Wednesday, March 23, 2022

City Announces 3 Finalists for Casino Locations ; 2 of them in the Sloop

Looks like two Sloop locations made the cut (via Chicago Tribune):

And then there were three.

Chicago Mayor Lori Lightfoot has narrowed down the city’s five proposals for its first casino to three finalists: Bally’s at the Chicago Tribune Publishing Center, Rivers at The 78 and Hard Rock at the proposed One Central megadevelopment, the city announced Tuesday.

The three remaining bids advanced by the city may represent the path of least resistance for a Chicago casino. But none has landed without some objections or concerns, which the city may have to confront before it whittles the group down to a single favored plan, which officials said will be by early summer. It would still need to win state approval.

Not going to lie, a bit unfortunate to see that the McCormick Lake Side center cut but seems like that ran into some stiff resistence from the Metropolitan Pier and Exposition Authority - the powerful group that runs the giant convention complex.

The proposal for a casino at The 78 seems like the most straightforward of the remaining bids in our opinion.  Although the River North option at Ashland and Halstead (formerly known as the Chicago Tribune Printing Center) also wouldn't be hard to envision.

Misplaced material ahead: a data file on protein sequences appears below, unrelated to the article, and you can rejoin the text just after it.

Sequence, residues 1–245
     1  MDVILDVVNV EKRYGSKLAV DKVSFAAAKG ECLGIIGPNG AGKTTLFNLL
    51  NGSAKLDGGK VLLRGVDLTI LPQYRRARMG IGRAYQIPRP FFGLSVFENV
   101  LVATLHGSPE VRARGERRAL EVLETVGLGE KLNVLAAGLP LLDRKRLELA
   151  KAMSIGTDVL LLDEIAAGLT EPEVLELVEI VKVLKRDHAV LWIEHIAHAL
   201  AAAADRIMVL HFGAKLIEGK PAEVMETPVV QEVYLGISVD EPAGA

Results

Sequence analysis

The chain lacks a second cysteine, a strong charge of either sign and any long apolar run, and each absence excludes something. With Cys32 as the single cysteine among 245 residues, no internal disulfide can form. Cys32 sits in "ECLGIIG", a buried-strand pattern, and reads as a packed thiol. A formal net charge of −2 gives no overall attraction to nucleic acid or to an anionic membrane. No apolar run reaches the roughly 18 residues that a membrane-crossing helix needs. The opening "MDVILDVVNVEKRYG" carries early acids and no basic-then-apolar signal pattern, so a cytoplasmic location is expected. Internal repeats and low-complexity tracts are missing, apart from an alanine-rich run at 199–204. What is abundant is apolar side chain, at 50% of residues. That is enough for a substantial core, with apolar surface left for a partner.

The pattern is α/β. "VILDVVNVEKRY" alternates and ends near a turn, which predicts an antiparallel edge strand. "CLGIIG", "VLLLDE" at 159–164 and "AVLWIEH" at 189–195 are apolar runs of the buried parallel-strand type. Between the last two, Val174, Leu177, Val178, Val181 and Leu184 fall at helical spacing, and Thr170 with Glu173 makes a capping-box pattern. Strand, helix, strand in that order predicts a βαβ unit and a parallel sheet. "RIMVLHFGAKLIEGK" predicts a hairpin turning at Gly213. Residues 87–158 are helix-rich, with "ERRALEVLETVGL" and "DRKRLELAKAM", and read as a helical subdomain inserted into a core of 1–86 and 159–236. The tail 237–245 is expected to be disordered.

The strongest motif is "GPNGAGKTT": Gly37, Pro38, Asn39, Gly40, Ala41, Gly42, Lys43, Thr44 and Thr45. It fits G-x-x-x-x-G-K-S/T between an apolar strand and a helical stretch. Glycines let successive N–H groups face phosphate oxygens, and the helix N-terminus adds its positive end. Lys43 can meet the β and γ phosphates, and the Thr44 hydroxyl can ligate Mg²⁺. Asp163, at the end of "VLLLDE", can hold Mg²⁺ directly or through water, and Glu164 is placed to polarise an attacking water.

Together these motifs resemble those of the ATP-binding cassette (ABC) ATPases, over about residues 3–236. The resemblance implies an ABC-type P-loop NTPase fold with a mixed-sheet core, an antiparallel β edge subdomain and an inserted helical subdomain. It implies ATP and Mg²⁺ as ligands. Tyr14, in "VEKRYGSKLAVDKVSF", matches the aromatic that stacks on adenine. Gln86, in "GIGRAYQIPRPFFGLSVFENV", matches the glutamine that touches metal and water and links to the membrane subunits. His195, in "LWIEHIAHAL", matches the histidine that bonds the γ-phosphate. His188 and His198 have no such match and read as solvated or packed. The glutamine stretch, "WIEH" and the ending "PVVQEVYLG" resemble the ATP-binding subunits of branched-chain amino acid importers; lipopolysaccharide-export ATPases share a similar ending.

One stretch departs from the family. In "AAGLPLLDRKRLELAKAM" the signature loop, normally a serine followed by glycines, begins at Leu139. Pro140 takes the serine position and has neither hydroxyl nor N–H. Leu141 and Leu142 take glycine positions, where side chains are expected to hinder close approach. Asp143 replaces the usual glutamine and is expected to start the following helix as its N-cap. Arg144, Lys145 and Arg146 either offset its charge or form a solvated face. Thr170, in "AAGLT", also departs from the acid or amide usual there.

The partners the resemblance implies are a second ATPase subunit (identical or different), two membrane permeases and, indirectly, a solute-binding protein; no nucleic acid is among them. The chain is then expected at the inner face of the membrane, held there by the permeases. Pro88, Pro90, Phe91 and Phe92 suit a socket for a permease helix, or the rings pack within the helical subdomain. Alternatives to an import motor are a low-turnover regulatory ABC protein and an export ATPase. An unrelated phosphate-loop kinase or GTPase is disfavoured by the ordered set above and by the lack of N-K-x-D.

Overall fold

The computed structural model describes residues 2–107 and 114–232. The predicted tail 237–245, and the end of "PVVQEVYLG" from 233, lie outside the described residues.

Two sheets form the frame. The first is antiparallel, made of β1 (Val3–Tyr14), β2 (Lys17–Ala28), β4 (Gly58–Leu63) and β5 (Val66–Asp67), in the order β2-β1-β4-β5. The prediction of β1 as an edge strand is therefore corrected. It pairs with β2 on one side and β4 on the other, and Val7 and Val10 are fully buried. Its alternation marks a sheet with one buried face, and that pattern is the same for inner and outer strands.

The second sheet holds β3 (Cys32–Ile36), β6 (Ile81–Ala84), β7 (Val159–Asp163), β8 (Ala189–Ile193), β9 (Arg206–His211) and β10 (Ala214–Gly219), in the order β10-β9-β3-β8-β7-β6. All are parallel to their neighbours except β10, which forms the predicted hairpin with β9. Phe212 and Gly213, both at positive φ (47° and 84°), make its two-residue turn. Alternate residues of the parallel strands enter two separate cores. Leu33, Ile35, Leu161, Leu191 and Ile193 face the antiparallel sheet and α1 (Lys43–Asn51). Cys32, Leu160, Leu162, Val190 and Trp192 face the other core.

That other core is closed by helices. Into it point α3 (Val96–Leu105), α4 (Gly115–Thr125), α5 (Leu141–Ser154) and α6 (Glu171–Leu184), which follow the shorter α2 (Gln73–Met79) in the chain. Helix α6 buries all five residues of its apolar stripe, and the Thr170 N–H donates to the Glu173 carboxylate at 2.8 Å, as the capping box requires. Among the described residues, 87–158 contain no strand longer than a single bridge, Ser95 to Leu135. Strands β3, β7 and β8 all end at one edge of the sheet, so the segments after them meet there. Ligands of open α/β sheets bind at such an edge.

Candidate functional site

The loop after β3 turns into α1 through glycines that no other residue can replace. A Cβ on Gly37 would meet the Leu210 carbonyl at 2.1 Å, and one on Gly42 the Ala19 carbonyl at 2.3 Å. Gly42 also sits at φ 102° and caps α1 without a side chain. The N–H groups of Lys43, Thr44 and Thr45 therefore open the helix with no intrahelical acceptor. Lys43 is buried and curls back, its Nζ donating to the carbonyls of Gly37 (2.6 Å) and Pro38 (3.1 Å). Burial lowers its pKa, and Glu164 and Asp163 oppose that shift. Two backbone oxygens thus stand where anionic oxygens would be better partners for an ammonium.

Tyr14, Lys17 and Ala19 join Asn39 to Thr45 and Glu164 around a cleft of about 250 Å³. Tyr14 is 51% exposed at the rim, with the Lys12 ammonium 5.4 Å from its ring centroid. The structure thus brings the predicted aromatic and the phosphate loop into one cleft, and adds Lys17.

The one that seems to have the biggest question mark (but maybe the most strategic opportunity for Chicago and Mayor Lightfoot) is the Hard Rock option on the train tracks west of Soldier Field:

Hard Rock is proposing a $1.74 billion casino at One Central, a massive mixed-use project developers hope to build over train tracks west of Soldier Field. The proposal includes a 3,500-seat live entertainment venue, a 500-room hotel and other amenities.

While Landmark Development’s proposed $20 billion One Central megadevelopment may still need $6.5 billion in state funding to get off the ground, the city said Tuesday that the Hard Rock Chicago can proceed independently from the broader development.

“The Hard Rock proposal proposes a phase one where the remainder of One Central does not need to move forward,” said Jennie Bennett, the city’s chief financial officer. “It’s not contingent on state funding.”

The One Central development is massively controversial, complex and seems unlikely.  However, judging by that last quote it seems like this could move forward without full approval of One Centra.

In theory this proposal sits at an interesting spot and one that could help the city re-envision what the Museum Campus and Soldier Field is for the next couple decades. 

It's been well documented that the Chicago Bears are potentially (likely?) going to move to the burbs.  As a result, it's caused city hall to rethink how it can utilize this iconic, but dated building and the area more broadly.  

Could the Hard Rock Casino serve as a shot in the arm for whatever they want to do?  Will be interesting to see what transpires here.  

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